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Question about __fabs

My application contains a spare linear system solver which relies
heavily on the fabs() function. One of the biggest surprises I
have gotten from VTune on Linux is how significant a fraction of
my runtime is spent in __fabs. In a recent profile run I found
that 1 billion calls were made to this function with a Self Time
of 126 million. This is about as much time as is being spent
doing other things in the linear solve, which I find outrageous.

I should point out that I have profiled this code on many other
platforms, e.g. SGI, and __fabs has never popped on my radar.
My only recollection is that a colleague once told me that he
had seen fabs show up on an NT, but I don't remember how bad it

I am using GCC 3.2 and my app is C++.

Can anyone help me understand this? Why is __fabs even showing
up as a function call? Would it be unreasonable to assume that
this could be in-lined? If my NT recollection is correct, then
this raises the question whether this is an x86 thing. Do MIPS
chips have some kind of fabs hardware which Intel lacks.

Thanks for any tips.

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3 Replies
Black Belt
If you read the gcc documentation (info gcc), you will see that fabs() is included among the built-in functions, and there are ways to enable or disable recognition of built-ins. __builtin_fabs is implemented both for x87 code and for SSE2 (gcc -march=pentium4 -mfpmath=sse). 'info gcc' doesn't cover the likely possibility that your include files are broken.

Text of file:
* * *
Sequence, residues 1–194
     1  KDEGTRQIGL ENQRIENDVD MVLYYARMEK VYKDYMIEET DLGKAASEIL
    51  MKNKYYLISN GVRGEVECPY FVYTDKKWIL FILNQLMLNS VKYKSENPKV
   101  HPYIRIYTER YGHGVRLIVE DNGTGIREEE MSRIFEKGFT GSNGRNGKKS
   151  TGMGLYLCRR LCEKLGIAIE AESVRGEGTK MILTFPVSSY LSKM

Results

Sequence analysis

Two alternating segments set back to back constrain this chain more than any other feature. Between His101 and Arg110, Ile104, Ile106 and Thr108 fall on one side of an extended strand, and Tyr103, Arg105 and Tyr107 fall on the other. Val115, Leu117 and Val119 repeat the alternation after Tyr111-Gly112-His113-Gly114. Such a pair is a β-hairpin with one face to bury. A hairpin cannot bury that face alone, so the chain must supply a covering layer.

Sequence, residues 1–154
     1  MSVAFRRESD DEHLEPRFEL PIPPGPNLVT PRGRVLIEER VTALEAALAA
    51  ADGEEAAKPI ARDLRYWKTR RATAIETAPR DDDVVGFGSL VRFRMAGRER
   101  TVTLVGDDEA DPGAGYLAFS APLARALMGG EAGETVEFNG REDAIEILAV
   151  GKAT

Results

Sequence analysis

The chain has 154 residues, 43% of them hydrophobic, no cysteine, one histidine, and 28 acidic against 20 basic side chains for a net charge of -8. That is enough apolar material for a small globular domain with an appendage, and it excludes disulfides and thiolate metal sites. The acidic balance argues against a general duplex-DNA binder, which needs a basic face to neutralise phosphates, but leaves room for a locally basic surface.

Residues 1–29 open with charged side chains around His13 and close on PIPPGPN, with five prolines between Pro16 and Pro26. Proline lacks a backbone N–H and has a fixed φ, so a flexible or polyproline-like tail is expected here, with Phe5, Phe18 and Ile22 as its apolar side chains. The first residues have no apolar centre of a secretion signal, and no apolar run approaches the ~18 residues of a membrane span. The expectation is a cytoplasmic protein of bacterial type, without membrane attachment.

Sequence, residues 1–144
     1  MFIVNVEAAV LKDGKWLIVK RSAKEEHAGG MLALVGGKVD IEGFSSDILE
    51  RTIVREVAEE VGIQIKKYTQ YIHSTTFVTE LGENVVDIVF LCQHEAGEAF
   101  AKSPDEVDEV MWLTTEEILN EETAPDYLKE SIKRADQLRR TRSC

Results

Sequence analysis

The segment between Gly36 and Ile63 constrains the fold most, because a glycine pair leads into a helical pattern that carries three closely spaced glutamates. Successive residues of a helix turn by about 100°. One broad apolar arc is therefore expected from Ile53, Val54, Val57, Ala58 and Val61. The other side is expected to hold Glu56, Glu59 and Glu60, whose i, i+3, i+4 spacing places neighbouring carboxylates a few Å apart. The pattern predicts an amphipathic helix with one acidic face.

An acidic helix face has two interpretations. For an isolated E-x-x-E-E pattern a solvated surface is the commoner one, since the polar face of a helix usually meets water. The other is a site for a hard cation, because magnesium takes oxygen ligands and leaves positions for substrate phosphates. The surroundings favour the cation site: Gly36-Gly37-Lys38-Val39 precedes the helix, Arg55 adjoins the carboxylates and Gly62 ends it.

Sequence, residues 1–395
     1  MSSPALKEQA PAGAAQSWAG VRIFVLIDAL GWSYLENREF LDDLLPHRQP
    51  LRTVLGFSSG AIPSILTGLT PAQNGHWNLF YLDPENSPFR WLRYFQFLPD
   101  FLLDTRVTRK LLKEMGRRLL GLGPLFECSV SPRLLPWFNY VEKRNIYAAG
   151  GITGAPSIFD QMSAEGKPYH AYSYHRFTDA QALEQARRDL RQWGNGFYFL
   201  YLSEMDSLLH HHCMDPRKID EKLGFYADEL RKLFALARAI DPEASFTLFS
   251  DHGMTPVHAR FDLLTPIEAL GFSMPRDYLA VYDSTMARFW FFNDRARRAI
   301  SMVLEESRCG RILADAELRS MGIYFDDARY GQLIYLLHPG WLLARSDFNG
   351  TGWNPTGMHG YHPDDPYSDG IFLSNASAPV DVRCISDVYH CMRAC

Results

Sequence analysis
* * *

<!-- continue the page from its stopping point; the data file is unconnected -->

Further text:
The usual glibc setup has invoking a file of in-line definitions under certain circumstances, including the level of optimization. The usual location of this file is /usr/include/bits/mathinline.h In there, you will find macros for fabs() . If invoked, those could over-ride the recognition of built-ins. Many linux distros carry incorrect versions, presumably for reasons of historical continuity.
Among the reasons for not in-lining fabs(), which you will see alluded to in the documentation, are that C90 was the first to treat fabs as a reserved identifier, and the (slight, in this case) possibility that a programmer might attempt checking.
So, in a long winded way, I've given the usual advice, if all else fails, examine your pre-processed code and consult the documentation.
Hi. Thanks for the response.

Please help me understand some of the terminology. For maximum performance, is "built-in" a desirable thing? If I see __fabs in VTune, does this mean that I have *not* gotten the more desirable __builtin_fabs. I am compiling with -march=pentium4, on RedHat9.

I am compiling with -ansi. Is that what is biting me?

In math.h I see two interesting defines: __NO_MATH_INLINES and __USE_EXTERN_INLINES. Could you give me an idea about the difference between math-inlines and extern-inlines? What is going to give me maximum performance? I am not concerned about errno, because according to the man page and common sense, no errors can occur in fabs.

Thanks in advance.

I have discovered that if I replace calls to fabs() with
calls to std::abs() then abs vanishes as a symbol in my
libraries, suggesting a successful inlining of these calls.

A noticable performance improvement has followed.

Thanks for the help.